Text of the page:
Trying to bring a tiller back to life after a long winter

TOWNER, N.D. — As I write this, I’m surrounded by the strong scent of gasoline and carburetor cleaner, and enveloped in an aura of frustration. Anyone with a little intuition would correctly identify this malady as a small engine affliction.

I’m sure I’ve written about this before. Chainsaws, lawn mowers, generators — you name it. They’re enough to make you envy the exhausting, backbreaking days without power-anything.

Actually, once you’ve pulled the starting rope a hundred times, it probably would have been easier to do most of the jobs by hand.

The job at hand is one I usually enjoy, when things are working. It’s tilling the garden. Turn the soil so we can plant the seeds and harvest the goodness. But I can’t turn the soil if our tiller won’t start.

The worst part is I just bought this tiller last year. I got tired of our undependable $300 tiller so I went and bought an $800 tiller. The label on the side said “high performance, easy start.” It worked fine last year. We probably ran the machine a whole 10 hours. I even stored it inside last winter.

I dumped out the old gas, put in fresh gas, and stared at that “easy start” decal every one of the 100 times I pulled the starting rope before I came to the realization that my $800 tiller wasn’t going to give me a dime’s worth of satisfaction.

I bought my first car for $400 when I was 18 years old. It was a beater, an old American Motors Concord. Nobody would call it dependable, but it would at least start and run (for a while at least). Why can’t an $800 garden tiller run as good as that $400 car?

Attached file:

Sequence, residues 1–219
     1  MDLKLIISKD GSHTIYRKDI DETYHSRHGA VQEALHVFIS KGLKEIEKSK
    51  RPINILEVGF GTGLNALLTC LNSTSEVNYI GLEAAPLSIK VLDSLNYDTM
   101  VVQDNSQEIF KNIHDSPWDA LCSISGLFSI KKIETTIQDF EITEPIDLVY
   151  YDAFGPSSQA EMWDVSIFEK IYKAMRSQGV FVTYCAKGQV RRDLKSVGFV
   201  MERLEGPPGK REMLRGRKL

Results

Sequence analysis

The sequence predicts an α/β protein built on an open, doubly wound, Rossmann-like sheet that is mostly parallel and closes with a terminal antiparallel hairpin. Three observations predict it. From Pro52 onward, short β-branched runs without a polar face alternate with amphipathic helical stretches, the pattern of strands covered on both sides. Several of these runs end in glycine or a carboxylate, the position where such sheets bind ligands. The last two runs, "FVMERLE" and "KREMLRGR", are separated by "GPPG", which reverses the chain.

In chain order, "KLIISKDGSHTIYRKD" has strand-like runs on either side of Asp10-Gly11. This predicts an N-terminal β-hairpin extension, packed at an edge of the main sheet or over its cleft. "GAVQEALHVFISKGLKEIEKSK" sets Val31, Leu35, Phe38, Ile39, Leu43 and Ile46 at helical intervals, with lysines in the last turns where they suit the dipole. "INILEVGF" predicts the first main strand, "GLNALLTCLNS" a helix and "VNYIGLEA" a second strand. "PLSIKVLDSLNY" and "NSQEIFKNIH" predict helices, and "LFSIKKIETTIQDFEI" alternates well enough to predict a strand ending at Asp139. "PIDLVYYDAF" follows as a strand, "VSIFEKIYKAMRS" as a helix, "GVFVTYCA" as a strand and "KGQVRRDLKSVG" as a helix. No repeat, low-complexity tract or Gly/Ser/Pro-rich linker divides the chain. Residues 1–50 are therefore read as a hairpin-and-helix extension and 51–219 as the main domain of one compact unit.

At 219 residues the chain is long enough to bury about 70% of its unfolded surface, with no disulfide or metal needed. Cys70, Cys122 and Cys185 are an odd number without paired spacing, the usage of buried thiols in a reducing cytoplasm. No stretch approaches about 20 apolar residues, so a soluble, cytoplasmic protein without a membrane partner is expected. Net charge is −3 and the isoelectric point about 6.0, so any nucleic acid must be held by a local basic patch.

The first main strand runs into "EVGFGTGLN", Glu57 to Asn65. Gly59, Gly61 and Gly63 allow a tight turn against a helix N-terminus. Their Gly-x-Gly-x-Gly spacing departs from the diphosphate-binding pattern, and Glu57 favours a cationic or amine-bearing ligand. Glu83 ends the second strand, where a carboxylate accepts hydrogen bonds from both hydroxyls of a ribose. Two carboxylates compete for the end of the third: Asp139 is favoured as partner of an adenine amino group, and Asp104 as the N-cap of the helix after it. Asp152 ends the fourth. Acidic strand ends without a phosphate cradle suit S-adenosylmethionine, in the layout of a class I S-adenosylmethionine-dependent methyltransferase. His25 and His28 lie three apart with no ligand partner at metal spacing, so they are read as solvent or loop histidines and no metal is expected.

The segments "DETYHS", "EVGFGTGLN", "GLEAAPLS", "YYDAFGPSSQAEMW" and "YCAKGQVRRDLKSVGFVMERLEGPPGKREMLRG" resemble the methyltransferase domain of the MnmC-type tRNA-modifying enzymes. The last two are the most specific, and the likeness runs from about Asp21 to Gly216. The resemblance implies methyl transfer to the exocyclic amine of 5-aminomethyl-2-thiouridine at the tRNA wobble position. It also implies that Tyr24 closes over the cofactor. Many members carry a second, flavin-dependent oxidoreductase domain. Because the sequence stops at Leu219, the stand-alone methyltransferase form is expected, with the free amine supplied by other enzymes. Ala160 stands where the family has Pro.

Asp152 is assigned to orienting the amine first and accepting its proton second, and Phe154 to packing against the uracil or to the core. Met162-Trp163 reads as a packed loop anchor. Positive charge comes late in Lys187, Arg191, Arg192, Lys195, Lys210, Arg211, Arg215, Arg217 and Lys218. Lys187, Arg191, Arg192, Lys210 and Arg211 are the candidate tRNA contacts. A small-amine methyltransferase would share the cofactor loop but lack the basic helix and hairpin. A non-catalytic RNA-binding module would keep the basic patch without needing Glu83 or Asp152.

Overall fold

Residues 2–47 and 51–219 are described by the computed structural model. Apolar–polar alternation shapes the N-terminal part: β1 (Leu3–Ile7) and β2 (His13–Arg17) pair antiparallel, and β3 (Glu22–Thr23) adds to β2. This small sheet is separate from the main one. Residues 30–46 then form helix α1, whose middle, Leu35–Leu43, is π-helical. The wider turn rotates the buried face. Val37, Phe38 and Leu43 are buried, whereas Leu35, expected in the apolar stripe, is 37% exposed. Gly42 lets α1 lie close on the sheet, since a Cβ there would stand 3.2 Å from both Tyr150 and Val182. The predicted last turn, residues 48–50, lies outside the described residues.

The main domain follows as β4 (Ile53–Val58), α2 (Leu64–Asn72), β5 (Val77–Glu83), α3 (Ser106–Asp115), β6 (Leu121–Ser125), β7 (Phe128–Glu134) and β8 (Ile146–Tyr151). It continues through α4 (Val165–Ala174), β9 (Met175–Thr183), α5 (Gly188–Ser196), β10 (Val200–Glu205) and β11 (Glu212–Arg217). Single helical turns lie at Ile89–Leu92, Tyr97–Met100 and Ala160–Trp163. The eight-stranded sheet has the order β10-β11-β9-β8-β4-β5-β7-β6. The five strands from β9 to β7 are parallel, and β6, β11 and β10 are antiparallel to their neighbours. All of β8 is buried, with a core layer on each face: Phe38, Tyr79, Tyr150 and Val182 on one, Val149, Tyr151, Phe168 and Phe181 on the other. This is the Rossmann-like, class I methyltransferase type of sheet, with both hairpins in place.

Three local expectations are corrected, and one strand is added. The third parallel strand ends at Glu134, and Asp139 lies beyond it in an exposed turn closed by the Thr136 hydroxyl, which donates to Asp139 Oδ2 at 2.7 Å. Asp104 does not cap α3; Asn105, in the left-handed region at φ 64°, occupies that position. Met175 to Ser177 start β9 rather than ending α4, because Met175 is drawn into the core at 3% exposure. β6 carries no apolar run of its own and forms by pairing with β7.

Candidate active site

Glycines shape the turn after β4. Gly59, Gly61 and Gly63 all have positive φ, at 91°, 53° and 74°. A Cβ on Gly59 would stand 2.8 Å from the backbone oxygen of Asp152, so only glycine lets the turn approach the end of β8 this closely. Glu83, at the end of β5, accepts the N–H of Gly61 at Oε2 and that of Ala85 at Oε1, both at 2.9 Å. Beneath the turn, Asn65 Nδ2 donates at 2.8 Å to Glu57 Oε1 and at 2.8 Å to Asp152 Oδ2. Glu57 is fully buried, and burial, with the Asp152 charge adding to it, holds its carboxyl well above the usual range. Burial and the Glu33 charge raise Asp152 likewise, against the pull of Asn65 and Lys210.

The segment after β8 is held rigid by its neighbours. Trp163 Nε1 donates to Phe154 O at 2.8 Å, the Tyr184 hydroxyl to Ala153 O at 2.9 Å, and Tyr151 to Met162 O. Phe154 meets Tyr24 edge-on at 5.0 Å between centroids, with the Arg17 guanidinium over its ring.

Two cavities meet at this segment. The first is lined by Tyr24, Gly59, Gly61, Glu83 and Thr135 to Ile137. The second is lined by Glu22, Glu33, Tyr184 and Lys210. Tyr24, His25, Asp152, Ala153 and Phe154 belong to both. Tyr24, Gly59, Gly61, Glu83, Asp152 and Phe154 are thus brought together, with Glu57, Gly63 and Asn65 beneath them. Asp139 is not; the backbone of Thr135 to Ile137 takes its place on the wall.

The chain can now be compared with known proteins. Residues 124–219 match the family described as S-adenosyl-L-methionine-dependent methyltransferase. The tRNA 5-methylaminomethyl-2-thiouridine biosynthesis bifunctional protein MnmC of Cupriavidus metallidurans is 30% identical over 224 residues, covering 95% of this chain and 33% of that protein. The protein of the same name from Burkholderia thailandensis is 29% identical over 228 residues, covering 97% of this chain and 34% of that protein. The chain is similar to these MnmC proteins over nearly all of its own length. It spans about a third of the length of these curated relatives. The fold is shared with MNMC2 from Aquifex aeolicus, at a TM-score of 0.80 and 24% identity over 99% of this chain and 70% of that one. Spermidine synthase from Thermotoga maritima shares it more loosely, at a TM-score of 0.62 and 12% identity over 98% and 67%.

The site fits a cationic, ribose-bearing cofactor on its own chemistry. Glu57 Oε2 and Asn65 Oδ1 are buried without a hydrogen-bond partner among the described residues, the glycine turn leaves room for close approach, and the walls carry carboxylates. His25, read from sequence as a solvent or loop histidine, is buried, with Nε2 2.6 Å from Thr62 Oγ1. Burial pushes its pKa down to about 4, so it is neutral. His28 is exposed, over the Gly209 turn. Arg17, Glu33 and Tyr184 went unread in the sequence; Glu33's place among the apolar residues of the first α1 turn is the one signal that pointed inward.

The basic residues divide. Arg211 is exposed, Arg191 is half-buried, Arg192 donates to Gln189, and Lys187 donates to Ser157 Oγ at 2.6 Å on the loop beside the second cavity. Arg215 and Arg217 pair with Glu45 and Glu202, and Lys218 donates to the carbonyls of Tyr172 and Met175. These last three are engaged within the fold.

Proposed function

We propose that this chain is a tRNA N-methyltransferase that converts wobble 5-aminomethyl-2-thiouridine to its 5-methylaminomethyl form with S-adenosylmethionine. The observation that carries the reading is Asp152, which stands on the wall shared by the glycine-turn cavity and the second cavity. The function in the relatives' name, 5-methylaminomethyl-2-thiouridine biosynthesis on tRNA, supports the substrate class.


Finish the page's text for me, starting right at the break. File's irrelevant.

I remember my parents ordered their garden tiller from the Montgomery Ward catalog sometime in the late 1970s. They picked it up at the catalog store in Rugby, N.D., when it came in. It ran like a top. It stayed out in the garden covered with snow every winter and started every spring without a hassle. I think we ran it for 20 years and gave it to a friend who ran it for another 10 years.

I’m not a mechanic but I have a basic understanding of how motors work, and I have a few wrenches, so I talked to a shop guy from the dealership and he told me a few things to try. The fuel pump was fine, and the motor runs when I pour a little gas directly down the throat of the carburetor under the air cleaner. I suppose I could run it that way, but it’s hard to operate the tiller while balancing a gas can and pouring it into the motor to keep it running.

So I took the bowl off the carburetor, I didn’t see any water or gremlins in it and I went to work with a “professional size” can of carburetor cleaner. Clearly the only thing professional about this operation was the size of that can.

Like the straight shots of gas, the motor ran while I was spraying the carb cleaner into the outfit. Again, an unhandy, and expensive, way to till a garden. Rather than “professional size,” that would require the “absolutely fed up last resort” size can of carb cleaner.

The shop guy that I talked with said I might have to get a new carburetor. It only makes sense to replace a major part on an $800 tiller motor after 10 whole hours of operation.

In the meantime, I’m going to grab a spade and a hand cultivator and start turning the dirt so we can plant a few vegetables. It would be a good way for me to rest up before I start pulling the rope on that motor again.

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